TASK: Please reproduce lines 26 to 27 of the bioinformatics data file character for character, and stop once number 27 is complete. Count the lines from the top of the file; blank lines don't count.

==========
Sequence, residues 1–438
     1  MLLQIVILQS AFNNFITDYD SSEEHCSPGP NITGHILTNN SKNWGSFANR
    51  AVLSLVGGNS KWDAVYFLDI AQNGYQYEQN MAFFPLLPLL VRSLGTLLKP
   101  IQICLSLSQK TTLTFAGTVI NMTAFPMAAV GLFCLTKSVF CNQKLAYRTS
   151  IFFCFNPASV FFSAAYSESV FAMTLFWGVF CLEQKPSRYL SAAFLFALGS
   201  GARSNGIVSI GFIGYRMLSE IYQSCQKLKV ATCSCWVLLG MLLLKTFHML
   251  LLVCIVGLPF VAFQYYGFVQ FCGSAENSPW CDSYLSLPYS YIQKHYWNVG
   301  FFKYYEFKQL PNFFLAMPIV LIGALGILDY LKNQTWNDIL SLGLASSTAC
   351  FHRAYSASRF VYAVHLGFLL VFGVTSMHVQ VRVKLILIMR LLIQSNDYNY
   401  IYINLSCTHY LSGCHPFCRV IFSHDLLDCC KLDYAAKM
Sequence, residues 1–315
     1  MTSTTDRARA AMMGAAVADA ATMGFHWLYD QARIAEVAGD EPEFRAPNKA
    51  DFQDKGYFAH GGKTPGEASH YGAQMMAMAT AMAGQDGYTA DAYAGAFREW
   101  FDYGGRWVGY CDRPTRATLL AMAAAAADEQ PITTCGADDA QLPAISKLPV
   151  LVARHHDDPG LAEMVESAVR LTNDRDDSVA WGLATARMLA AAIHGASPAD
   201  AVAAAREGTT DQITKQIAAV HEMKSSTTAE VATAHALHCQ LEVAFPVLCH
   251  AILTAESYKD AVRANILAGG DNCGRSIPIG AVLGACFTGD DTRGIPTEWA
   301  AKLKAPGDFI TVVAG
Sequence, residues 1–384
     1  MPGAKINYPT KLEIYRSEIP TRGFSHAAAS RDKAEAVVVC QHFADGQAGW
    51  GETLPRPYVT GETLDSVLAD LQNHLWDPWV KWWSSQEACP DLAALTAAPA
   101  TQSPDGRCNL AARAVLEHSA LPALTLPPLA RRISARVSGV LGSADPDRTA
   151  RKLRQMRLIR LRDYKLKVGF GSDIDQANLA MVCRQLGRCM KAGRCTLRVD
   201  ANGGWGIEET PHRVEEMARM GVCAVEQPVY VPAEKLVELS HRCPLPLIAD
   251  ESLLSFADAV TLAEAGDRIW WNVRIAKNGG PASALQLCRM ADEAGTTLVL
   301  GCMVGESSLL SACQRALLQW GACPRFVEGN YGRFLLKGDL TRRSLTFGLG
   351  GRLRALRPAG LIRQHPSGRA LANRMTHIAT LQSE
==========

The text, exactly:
   301  GCMVGESSLL SACQRALLQW GACPRFVEGN YGRFLLKGDL TRRSLTFGLG
   351  GRLRALRPAG LIRQHPSGRA LANRMTHIAT LQSE